By Mick Kjar, Meteorologist

As of this writing we are two thirds of the way through the month of May and we can call the corn planting basically done! What a blessing. Of course there is the scattered low lying field or area in the state where planting is late or lagging, but being this far ahead or done before Memorial Day has been a pleasant surprise. The question is: “how did this happen?”

You have probably noticed in years past that blessings (of higher yield and higher quality crops and of course higher prices) often come at the expense of other’s misery and that is certainly the case this year. The storm track or area under the jet stream has been in the central and southern Plains eastward into the heart of the Corn Belt in the “I” states. This pattern will persist for another 3 weeks. Visualize the northern hemisphere of the entire earth being circled by the jet stream. It goes up and down (north to south)  like a roller coaster with about 4 or 5 peaks and valley’s or troughs. At this time we have 5 very deep southerly dives or troughs of the jet stream that are circling the globe. This whole roller coaster ride takes about a month to circle the earth. Five long wave troughs represents an active weather pattern since more than once a week severe storms are breaking out and heavy rain has been falling in the central plains eastward.  Even so our hardworking farmer neighbors to the south have been able to get the crops in for the most part. The market is not responding to this poor weather pattern since the weekly crop progress and condition report doesn’t show much lateness or quality issues compared to last year or the five year average.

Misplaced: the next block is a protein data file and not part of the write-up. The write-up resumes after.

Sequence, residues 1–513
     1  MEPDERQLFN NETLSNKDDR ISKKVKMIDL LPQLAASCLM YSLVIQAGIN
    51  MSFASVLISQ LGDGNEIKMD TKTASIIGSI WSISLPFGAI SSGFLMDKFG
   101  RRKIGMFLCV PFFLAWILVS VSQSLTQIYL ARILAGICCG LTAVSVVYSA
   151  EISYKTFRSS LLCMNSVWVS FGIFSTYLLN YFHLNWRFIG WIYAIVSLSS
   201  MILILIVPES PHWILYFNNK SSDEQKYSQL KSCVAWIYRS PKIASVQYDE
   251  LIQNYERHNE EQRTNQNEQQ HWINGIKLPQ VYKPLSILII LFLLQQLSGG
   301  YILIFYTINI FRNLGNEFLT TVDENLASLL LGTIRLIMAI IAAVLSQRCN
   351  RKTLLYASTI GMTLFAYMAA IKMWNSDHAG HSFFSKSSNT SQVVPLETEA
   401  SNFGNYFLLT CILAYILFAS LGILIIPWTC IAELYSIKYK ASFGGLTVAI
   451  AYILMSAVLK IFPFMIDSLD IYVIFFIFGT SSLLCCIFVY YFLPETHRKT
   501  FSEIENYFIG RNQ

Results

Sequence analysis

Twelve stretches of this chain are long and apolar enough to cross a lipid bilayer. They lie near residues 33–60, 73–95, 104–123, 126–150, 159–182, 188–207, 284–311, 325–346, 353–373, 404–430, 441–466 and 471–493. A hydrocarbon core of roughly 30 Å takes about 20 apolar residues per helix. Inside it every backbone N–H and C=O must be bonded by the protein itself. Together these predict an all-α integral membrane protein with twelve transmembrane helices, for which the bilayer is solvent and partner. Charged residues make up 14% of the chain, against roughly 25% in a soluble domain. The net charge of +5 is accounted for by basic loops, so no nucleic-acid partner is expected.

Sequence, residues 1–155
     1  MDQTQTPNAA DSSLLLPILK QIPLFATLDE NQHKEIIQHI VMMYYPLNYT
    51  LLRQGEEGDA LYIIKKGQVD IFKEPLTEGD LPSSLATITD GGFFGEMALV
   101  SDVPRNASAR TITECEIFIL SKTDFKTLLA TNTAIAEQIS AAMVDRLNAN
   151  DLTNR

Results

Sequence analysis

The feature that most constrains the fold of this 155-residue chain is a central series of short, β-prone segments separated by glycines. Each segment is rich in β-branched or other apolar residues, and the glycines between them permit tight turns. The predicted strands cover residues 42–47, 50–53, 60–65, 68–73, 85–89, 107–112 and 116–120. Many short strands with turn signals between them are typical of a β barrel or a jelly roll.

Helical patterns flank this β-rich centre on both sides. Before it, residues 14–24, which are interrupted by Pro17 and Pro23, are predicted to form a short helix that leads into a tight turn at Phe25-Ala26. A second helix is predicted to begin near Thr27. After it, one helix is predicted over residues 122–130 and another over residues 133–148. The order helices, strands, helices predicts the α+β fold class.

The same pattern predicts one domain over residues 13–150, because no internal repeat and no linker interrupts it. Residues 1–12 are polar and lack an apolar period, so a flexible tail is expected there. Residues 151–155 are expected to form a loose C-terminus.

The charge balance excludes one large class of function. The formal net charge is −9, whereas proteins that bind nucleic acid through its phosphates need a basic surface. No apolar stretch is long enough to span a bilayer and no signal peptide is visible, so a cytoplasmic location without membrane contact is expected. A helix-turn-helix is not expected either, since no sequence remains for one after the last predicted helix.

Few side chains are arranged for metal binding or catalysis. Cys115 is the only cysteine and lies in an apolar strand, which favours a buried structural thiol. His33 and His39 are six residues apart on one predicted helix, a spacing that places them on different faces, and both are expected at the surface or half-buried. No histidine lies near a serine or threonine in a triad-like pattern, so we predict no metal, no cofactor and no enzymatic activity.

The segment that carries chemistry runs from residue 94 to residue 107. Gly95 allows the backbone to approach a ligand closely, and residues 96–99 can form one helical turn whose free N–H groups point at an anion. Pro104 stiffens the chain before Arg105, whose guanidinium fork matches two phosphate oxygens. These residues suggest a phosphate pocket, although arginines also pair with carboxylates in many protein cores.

Our severe weather season historically happens in June as the jet stream is usually overhead at that point as the warmer and more humid air has finally made it to the northern plains and southern Canada. This year, unless that roller coaster ride of the jet stream takes a different form or shape, we will see weather patterns continuing as they have been;  a little cooler than we’d like and average to near normal precipitation amounts that may be a little tardy but always arrive.

There is a greater than 50% chance that June and July could be cooler than normal (although not by much) with near normal precipitation amounts. Since Mother Nature always has a way of balancing things out by the end, if the next two months are not blessed with as many growing degree days as you would like, August could be much warmer than normal, or even hot. That warmer weather pattern appears like it will linger well into fall this year.

In the meantime, we can be thankful there is seed in the ground and there is for the most part adequate moisture for the crops (and weeds).